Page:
Hold on to your swim caps, the man with size 17 feet is back.
Throughout his glittering career, Australian swimmer, Ian Thorpe, was unbeatable in the middle-distance freestyle races. Top to toe in his token black body-suit, he would appear to skim across the surface of the pool like some kind of Jesus bug. But bound by his commitments and burdened by the constant media spotlight he was propelled into retirement in 2006, deciding that it was time to spend some time out of the water.
Reports of Thorpe’s long-awaited return to swimming first surfaced last summer. It was only in February this year however, after 4 years of soul-searching, that Australia’s greatest ever Olympian made the announcement swimming fans worldwide had been waiting for and now, the Thorpedo is ready to fire again.
Catalyst for a comeback
Ian Thorpe declared that it had always been on his bucket list to swim at another Olympics before the age of 30, adding that he had not yet achieved everything he had wanted to in the pool. The 29 year old was inspired by the comeback of swimming veteran and previous team-mate, Geoff Huegill, at the Commonwealth Games in Delhi last year.
In a bid to test drive his rekindled enthusiasm, Thorpe assigned himself 3 days in the pool. 3 days became 3 weeks, 3 weeks became 3 months and a tour of London’s Olympic facilities finally tipped the balance. He loved what he saw in the capital’s iconic new complex and began speaking of a revived hunger to compete. He could taste gold and his decision to come out of retirement was made final. After a further 2 months of ‘secret’ training in 8 different pools around Sydney and at an undisclosed location in Switzerland, Ian Thorpe made his intentions clear to the press.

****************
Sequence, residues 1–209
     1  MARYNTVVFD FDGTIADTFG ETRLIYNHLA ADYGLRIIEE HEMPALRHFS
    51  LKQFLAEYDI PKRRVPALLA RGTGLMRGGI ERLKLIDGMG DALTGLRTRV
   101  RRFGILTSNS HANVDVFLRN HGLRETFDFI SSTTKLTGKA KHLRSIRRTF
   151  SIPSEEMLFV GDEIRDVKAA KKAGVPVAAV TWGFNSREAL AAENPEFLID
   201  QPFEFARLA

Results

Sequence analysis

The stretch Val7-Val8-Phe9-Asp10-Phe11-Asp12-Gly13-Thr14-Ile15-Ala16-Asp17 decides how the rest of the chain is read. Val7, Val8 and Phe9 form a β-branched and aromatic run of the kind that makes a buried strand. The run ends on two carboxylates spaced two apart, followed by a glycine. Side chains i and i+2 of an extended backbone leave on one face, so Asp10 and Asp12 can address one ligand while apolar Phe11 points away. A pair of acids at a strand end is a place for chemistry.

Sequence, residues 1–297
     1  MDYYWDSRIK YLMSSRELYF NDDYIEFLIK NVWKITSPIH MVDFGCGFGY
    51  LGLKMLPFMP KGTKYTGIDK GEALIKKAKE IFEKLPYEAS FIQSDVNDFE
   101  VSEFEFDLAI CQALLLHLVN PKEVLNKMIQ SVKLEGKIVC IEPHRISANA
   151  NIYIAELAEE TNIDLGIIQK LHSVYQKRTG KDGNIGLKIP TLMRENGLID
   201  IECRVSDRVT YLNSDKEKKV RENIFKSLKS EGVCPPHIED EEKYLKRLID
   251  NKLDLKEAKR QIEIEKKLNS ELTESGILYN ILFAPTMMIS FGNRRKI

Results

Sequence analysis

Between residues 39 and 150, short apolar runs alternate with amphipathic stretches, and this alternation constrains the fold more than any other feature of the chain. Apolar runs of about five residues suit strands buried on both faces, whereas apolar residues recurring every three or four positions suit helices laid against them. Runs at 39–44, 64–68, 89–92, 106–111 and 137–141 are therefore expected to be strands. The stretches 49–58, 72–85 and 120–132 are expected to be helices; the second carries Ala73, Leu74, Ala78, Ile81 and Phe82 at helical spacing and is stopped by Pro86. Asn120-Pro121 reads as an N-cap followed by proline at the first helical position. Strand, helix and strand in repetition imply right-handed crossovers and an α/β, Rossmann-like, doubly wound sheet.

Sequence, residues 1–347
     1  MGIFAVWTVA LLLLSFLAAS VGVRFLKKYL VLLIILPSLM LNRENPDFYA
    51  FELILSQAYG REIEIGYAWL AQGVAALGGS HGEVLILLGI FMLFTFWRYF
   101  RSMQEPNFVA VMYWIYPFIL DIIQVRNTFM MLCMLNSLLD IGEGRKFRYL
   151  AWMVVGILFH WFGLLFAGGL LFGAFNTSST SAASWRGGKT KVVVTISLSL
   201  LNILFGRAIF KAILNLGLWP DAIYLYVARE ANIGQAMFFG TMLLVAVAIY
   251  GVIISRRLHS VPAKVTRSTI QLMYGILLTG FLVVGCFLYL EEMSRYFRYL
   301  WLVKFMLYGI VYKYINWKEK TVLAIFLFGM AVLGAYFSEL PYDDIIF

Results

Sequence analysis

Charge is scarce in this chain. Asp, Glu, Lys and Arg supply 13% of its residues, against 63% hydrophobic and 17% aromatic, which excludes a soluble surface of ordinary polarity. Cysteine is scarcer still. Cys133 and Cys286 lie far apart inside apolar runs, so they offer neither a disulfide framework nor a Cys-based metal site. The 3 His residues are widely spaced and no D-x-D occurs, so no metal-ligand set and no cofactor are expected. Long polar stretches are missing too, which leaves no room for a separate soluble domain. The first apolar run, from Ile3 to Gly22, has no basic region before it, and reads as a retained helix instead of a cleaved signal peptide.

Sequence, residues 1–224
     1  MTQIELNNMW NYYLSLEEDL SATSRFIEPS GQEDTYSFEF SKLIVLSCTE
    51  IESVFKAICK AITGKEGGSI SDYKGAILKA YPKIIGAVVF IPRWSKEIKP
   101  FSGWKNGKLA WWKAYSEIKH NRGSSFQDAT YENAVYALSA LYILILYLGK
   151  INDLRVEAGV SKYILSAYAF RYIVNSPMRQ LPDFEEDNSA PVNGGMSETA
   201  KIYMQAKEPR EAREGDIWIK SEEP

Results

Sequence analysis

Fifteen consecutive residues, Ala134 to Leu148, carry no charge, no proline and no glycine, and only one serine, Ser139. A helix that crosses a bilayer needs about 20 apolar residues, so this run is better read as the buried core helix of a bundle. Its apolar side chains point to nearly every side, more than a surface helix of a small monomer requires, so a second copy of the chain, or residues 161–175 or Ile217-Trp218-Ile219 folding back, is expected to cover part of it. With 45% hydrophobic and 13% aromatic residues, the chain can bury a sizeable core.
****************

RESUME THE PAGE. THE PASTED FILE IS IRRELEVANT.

Now, with just 4 months remaining before the all-important Olympic trials, the Aussie is working hard in and out of the water. Previously a master of the 400m freestyle, Thorpe’s focus this time round will be at the opposite end of the spectrum, on the sprint relay events, an area in which he feels he can add most value to the Australian team. But making the Australian team will be half the battle, as his Russian coach, Touretski, jokily points out “It’s good news, to be the best in the world in sprint you only have to be the national champion of Australia”.
Impossible is Nothing
Any professional athlete will probably agree the motivation of money wears off very quickly. Thorpe’s comeback may not directly translate to a jet stream of Australian dollars, but at the end of the day, it is not about that. It is about an absolute commitment and that is something Thorpe has in abundance. ‘Impossible is Nothing’ is, quite fittingly, the slogan of Thorpe’s sponsors. Adidas will certainly be hoping their comeback kid can succeed in putting their motto to the test.
So what would represent success in 2012 for Ian? “To be able to swim faster than I used to be able to swim. My drive is for performance and that’s it”. He makes it sound easy, but we cannot underestimate just how steep a mountain Thorpe has to climb. His biggest challenge will be living up to history.
Sink or swim
Great comebacks always stir attention and Thorpe’s pursuit in the pool is no exception. The media are poised and ready to pounce, many anticipating that his decision will tarnish his legacy. But his legacy is already made. Boasting 5 Olympic golds, 11 World Championships and 18 World records, Thorpe is no regular athlete and if anyone can do this, it is him.
In the next few months, if you feel the ground shake, if you see the waters ripple, it is because there’s a Thorpedo coming and it’s heading straight for London. Whether he will be back in black is another question, as swim suit regulations have tightened significantly since Thorpe last competed. But, just as Lance Armstrong will stress that it’s not about the bike, Thorpe will agree that it’s what’s beneath the suit that matters.
The public will get a glimpse of the 29-year-old in race action, for the first time in over five years, at the Singapore round of the short course world cup next month. Until then, the weight of a nation’s expectations is probably only outweighed by that of his own. Gold in more ways than one, Thorpe is an extremely focused and dogged individual. Sports fans worldwide can only be thrilled he has regained his appetite for Olympic glory.
Does the Thorpedo have a chancce at regaining Olympic gold? Tell us what you think below.